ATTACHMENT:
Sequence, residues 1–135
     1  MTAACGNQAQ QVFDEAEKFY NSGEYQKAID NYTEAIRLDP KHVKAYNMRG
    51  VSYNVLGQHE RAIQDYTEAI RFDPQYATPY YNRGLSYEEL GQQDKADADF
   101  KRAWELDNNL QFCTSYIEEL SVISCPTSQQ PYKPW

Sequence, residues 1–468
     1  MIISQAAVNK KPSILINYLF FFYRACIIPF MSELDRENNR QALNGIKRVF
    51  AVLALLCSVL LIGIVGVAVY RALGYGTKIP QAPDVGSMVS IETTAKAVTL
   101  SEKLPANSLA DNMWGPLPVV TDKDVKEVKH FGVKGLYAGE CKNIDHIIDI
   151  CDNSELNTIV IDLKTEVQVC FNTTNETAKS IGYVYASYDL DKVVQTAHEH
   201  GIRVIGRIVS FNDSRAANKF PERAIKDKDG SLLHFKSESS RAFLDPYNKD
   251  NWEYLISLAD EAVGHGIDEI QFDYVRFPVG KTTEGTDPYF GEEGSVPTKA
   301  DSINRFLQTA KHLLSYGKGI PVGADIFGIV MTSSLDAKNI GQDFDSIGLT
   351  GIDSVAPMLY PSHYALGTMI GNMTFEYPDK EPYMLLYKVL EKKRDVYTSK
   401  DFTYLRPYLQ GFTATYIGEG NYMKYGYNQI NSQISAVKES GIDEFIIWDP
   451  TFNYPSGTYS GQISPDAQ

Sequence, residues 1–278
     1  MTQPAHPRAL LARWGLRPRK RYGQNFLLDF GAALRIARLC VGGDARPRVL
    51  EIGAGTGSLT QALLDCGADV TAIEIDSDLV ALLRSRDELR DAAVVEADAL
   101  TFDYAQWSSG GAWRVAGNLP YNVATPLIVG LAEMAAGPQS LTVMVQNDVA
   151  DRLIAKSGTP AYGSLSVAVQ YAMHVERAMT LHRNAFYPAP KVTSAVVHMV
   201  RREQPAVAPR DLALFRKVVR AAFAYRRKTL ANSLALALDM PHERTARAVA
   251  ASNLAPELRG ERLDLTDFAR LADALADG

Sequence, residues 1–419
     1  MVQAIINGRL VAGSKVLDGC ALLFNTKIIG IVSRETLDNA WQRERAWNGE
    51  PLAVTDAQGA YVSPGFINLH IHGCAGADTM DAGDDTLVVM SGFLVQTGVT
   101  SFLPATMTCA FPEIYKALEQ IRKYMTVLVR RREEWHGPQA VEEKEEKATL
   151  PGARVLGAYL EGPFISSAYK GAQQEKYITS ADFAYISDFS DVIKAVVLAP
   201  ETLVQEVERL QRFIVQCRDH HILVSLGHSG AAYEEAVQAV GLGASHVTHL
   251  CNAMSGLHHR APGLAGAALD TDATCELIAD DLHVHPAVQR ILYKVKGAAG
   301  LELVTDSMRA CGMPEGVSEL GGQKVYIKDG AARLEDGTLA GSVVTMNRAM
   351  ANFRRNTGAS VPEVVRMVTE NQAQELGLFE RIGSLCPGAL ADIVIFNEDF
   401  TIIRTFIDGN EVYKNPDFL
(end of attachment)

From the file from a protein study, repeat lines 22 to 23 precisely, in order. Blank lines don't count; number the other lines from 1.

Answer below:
   251  ASNLAPELRG ERLDLTDFAR LADALADG

Sequence, residues 1–419